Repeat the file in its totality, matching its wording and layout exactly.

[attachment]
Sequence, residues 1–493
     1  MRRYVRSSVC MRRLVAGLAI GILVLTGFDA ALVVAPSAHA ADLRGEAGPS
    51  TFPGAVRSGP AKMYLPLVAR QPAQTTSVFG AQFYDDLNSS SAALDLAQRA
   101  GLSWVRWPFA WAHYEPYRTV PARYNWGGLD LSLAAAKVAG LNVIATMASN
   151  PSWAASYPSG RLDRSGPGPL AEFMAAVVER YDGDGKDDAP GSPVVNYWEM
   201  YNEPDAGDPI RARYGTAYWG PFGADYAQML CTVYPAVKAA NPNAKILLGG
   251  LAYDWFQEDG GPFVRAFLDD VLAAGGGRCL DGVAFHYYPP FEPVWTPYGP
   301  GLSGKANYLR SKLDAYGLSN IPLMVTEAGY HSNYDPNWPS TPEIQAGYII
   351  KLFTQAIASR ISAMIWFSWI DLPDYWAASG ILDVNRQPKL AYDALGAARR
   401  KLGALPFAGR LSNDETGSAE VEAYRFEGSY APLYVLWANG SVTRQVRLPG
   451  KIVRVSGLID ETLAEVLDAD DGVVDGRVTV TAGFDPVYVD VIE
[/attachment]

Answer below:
Sequence, residues 1–493
     1  MRRYVRSSVC MRRLVAGLAI GILVLTGFDA ALVVAPSAHA ADLRGEAGPS
    51  TFPGAVRSGP AKMYLPLVAR QPAQTTSVFG AQFYDDLNSS SAALDLAQRA
   101  GLSWVRWPFA WAHYEPYRTV PARYNWGGLD LSLAAAKVAG LNVIATMASN
   151  PSWAASYPSG RLDRSGPGPL AEFMAAVVER YDGDGKDDAP GSPVVNYWEM
   201  YNEPDAGDPI RARYGTAYWG PFGADYAQML CTVYPAVKAA NPNAKILLGG
   251  LAYDWFQEDG GPFVRAFLDD VLAAGGGRCL DGVAFHYYPP FEPVWTPYGP
   301  GLSGKANYLR SKLDAYGLSN IPLMVTEAGY HSNYDPNWPS TPEIQAGYII
   351  KLFTQAIASR ISAMIWFSWI DLPDYWAASG ILDVNRQPKL AYDALGAARR
   401  KLGALPFAGR LSNDETGSAE VEAYRFEGSY APLYVLWANG SVTRQVRLPG
   451  KIVRVSGLID ETLAEVLDAD DGVVDGRVTV TAGFDPVYVD VIE